We have an issue, an epidemic, in our fields. We have a situation in which 64% of individuals partaking in fieldwork have personally experienced sexual harassment (). We have a situation in which 12% of individuals who reported experiencing sexual misconduct reported changing field sites, research interests, or leaving academia all together (), and 19% reported decreased desire to continue with career choice. We cannot expect to make the same levels of academic and intellectual progress in an environment so hostile and dangerous that countless individuals are being forced to abandon their research, their projects, their careers. Our disciplines cannot thrive under this environment.
But how can we use academia to combat this? What do studies about sexual misconduct bring to the conversation? In my opinion, academic research can benefit the #MeToo movement in three major ways: getting people to listen, informing policy, and re-centering the conversation,
Trying to get people to listen, to engage in the conversation in a meaningful way, especially those who actually have the power to make real, immediate, institutional changes, is perhaps the most difficult. We shouldn’t have to prove that sexual misconduct 1) exists, and 2) matters. Why should academic research and data matter more than the lived experiences of those impacted by these issues who have been telling their story and speaking out long before #MeToo hit the media? And when do we have enough data? It’s not like there isn’t already a plethora of existing literature attesting to the scope and consequences of these actions.
Sadly in my experience, however, being able to present hard-hitting statistics and peer-reviewed papers has been extremely useful in engaging those in senior positions of power, and encouraging them to sit up and listen. It can open up the door to a more meaningful and nuanced conversation around sexual misconduct — whether that is centred in academia, in fieldwork, in archaeology, or more broadly.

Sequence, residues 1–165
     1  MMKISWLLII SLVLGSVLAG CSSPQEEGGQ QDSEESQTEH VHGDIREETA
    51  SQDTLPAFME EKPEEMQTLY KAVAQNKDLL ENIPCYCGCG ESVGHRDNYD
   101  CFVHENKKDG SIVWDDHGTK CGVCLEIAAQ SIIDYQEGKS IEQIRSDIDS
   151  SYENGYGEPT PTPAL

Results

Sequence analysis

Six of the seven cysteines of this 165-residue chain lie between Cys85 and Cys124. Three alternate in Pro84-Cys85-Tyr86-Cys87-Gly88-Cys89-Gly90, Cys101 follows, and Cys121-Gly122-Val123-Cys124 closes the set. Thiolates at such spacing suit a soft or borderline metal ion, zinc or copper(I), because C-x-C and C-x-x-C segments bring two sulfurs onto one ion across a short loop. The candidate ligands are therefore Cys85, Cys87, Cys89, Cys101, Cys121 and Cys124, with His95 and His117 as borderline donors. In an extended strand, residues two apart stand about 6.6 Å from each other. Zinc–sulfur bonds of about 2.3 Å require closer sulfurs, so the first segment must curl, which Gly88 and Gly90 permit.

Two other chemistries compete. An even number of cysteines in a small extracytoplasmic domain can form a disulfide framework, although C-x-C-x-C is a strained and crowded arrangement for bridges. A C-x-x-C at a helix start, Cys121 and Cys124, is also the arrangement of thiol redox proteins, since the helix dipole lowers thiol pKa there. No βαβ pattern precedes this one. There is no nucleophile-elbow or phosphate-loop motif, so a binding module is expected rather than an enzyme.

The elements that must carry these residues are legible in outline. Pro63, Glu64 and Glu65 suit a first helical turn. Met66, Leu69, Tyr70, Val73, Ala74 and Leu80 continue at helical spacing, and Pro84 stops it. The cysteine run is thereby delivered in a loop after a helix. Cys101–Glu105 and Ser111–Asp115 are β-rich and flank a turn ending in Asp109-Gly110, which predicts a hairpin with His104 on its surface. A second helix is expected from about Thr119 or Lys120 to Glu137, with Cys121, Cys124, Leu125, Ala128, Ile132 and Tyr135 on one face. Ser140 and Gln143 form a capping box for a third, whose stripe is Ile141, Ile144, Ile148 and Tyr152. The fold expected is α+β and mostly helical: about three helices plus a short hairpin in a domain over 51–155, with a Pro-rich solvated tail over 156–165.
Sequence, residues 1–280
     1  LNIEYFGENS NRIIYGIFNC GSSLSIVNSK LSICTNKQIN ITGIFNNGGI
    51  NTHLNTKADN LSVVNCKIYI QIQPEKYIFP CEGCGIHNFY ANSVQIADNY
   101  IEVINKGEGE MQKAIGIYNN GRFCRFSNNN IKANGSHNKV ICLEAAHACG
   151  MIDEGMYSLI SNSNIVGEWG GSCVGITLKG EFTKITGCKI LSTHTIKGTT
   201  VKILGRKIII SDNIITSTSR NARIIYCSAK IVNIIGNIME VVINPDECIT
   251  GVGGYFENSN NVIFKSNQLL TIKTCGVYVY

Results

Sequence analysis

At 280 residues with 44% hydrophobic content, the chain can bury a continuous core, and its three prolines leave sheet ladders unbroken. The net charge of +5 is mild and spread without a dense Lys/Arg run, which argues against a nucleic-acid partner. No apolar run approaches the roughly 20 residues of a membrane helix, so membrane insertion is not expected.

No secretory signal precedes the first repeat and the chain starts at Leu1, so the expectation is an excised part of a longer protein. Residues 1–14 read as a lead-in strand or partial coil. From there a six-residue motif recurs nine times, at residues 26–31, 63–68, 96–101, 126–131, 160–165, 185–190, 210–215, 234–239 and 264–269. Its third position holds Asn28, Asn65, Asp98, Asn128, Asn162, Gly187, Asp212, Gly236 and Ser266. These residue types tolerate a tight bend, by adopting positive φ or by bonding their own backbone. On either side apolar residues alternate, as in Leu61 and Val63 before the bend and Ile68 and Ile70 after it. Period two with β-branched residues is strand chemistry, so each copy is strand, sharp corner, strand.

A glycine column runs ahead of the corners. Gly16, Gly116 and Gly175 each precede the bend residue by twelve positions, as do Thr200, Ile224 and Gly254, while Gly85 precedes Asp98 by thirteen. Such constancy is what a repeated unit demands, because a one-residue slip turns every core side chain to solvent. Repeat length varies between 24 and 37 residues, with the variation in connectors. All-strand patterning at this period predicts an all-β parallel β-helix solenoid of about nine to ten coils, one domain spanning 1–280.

Creating policy and protocols that are rooted in reality, rather than assumptions, can only be achieved by putting lived experiences at the centre. Academic research, when carried out with sensitivity, when done with the realisation that the work must also, in itself, be victim-centred and informed, can be a vital medium through which these experiences can be channelled. They can be used to create truly inclusive and accessible resources.
Current policy and safety practices are more often than not being written based on assumptions by individuals who may not have experienced the risks they are trying to protect us against. By giving academic space to the subject of fieldwork safety the specific risks that occur in fieldwork contexts — a unique working environment that comes with it’s own unique dangers — can be identified. Being able to identify the risks is the first step in preventing and managing them, and a step towards greater retention of marginalised groups within our field. If the protocols aren’t victim-centred, they are futile.
Lastly, academic research can — and should — be used to re-centre the conversation away from a ‘social media slide-show’ () and into a conversation that produces material changes and institutional action. That should be the focus, the end-game, of all research into misconduct; to understand, and then to use that understanding to inform and redress how we current manage instances of misconduct in our fields.
I am not saying that academic research will solve the issue that 64% of individuals partaking in fieldwork have been sexually harassed. But I do believe that, if done well — and by well I mean with sensitivity, with change as the primary focus, and whilst working with, as opposed to merely ‘studying’, those most effected by the issues being researched — it can aid in the pursuit of meaningful engagement, conversation, and change.
Dani is currently carrying out a study into fieldwork safety as part of her dissertation, you can help here: https://cambridge.eu.qualtrics.com/jfe/form/SV_bfiG6iQb6DWQOjP